Men, Women, and the Willful Misinterpretation of Female Speech

Essay by Eggy June 2004

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Female speech in Jane Austen's novels is heavily dictated by the whims of her male characters, and although "[f]emale speech is never entirely repressed in Austen's fiction, [it] is dictated so as to mirror or otherwise reassure masculine desire" (Johnson 37). However, there are times when women stray from the gendered rules of speech and, in expressing their opinions, threaten male control over discourse. In these situations men resort to either willful misinterpretation or forced silence in order to draw women back into their verbal control. Mary Crawford and Elizabeth Bennet are two of Austen's more dynamic threats to male control over discourse, but even the meek and modest Fanny Price can become a threat by departing from the gendered rules of speech. When she refuses Henry's proposal, Sir Thomas is stunned, having "[expected] from Fanny [a] cheerful readiness to be guidedSh Her resistance implies an assumption of self-responsibility that challenges his authority" (Johnson 104).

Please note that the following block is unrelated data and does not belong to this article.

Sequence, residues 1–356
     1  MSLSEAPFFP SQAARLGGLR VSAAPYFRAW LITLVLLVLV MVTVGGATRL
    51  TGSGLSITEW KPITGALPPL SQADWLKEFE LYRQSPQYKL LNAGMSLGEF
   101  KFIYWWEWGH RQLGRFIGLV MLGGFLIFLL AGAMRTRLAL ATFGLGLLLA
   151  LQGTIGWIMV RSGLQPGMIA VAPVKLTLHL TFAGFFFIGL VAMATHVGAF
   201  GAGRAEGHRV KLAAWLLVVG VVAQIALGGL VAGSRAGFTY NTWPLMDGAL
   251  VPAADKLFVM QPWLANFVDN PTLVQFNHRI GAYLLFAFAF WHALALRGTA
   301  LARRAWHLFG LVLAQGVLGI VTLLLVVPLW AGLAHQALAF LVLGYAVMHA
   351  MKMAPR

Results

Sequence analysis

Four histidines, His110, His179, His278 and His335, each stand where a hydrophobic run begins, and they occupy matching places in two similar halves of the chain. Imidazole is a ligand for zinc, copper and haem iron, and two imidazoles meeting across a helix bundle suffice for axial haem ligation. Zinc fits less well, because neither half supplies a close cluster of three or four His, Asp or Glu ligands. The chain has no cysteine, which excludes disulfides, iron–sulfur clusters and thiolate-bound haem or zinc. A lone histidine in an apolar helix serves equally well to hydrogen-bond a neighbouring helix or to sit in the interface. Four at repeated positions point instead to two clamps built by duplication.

Mary and Elizabeth are atypical of Austen's female characters in that their freedom of speech means that they do not need men to educate them or to form their opinions. Other heroines, such as Catherine Morland, are lost without a man to guide them. Without Henry Tilney to point out the natural beauty of Northanger Abbey, Catherine "should not know what was picturesque when she saw it" (NA 141). But Mary and Elizabeth are firm in both forming their own opinions and then expressing them. They are aware of and comfortable with their freedom of speech. Mary, when faced with Edmund's disapproval of her flagrant speeches about morality and the church, counters with, "I am a very matter of fact, plain spoken being, and may blunder on the borders of a repartee for half an hour together without striking it out" (MP 84). Mrs. Bennet...